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Etymology 1[edit]

From Old Norse frjósa, from Proto-Germanic *freusaną, from Proto-Indo-European *prews-.


frysa (present fryser , preterite frös , supine frusit , imperative frys )

  1. (intransitive) feel cold, to the point of discomfort
  2. (intransitive) freeze; to become hard due to low temperature
  3. (intransitive) freeze; to become motionless (in some expressions only)
See also[edit]

Etymology 2[edit]

EB1911 - Volume 01 - Page 001 - 1.svg This entry lacks etymological information. If you are familiar with the origin of this term, please add it to the page as described here.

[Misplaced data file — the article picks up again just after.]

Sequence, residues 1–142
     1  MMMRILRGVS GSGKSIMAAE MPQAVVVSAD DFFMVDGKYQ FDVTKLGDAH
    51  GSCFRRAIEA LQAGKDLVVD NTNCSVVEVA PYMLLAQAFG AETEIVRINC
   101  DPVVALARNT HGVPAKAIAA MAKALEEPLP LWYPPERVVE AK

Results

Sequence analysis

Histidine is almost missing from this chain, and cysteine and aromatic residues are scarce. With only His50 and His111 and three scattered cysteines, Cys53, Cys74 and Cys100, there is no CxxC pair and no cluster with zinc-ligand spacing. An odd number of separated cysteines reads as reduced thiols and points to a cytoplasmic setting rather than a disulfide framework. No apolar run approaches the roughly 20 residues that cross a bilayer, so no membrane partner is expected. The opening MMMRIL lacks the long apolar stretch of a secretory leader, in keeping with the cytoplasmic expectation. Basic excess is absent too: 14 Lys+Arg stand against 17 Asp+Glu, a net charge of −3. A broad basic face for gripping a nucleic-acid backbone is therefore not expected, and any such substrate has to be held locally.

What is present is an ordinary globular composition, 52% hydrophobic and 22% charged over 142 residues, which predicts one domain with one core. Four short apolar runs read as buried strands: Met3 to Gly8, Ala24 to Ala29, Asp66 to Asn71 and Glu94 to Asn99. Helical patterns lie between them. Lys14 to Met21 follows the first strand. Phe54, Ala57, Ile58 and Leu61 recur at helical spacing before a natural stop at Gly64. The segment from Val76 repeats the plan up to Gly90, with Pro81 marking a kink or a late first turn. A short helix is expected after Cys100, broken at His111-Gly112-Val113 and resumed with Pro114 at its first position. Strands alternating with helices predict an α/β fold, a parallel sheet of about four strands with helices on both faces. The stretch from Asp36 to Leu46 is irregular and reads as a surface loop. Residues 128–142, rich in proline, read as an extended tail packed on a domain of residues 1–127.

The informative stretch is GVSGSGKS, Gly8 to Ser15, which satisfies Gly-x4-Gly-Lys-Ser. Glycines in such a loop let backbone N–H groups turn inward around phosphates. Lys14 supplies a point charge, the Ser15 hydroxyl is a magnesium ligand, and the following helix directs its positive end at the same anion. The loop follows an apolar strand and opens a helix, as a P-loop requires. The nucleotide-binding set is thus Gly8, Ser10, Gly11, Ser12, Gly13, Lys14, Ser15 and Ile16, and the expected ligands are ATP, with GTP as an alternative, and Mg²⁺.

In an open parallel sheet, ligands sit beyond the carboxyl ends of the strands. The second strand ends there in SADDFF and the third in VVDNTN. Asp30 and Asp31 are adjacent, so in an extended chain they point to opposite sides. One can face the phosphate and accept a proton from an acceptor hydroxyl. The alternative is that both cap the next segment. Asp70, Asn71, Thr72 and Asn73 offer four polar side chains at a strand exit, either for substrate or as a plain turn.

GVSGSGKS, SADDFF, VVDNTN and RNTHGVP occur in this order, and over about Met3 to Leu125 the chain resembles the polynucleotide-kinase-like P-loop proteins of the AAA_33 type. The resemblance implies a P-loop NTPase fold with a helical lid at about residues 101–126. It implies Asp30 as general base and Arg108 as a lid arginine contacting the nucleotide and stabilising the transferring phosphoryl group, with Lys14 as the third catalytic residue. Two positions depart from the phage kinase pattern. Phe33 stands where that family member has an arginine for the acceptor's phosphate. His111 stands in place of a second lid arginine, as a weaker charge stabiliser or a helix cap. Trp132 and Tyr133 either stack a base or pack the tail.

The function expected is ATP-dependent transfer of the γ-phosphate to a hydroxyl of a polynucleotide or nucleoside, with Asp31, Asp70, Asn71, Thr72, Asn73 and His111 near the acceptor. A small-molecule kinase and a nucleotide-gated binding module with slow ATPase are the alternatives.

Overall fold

frysa (present fryser, preterite fryste, supine fryst, imperative frys)

  1. (transitive) freeze; to lower something's temperature to the point that it freezes.
  2. (transitive) freeze; to stop, to cause to become motionless, to halt (a motion) immediately
    Frys bilden där!
    Freeze the image there!
Usage notes[edit]
  • For supine also common with frusit.
See also[edit]